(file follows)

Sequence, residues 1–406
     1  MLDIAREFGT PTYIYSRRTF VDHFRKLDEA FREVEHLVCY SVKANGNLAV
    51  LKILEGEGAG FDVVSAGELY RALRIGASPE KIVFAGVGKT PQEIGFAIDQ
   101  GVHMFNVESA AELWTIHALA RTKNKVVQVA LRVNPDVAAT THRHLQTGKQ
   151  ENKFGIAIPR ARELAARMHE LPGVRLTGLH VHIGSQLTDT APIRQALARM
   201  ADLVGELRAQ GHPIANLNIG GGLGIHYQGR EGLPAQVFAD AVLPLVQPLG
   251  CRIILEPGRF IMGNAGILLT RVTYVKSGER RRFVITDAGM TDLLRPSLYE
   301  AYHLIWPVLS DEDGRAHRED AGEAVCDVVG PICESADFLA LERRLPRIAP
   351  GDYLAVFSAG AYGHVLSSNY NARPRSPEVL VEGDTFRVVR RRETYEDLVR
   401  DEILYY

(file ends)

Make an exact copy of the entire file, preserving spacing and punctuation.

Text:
Sequence, residues 1–406
     1  MLDIAREFGT PTYIYSRRTF VDHFRKLDEA FREVEHLVCY SVKANGNLAV
    51  LKILEGEGAG FDVVSAGELY RALRIGASPE KIVFAGVGKT PQEIGFAIDQ
   101  GVHMFNVESA AELWTIHALA RTKNKVVQVA LRVNPDVAAT THRHLQTGKQ
   151  ENKFGIAIPR ARELAARMHE LPGVRLTGLH VHIGSQLTDT APIRQALARM
   201  ADLVGELRAQ GHPIANLNIG GGLGIHYQGR EGLPAQVFAD AVLPLVQPLG
   251  CRIILEPGRF IMGNAGILLT RVTYVKSGER RRFVITDAGM TDLLRPSLYE
   301  AYHLIWPVLS DEDGRAHRED AGEAVCDVVG PICESADFLA LERRLPRIAP
   351  GDYLAVFSAG AYGHVLSSNY NARPRSPEVL VEGDTFRVVR RRETYEDLVR
   401  DEILYY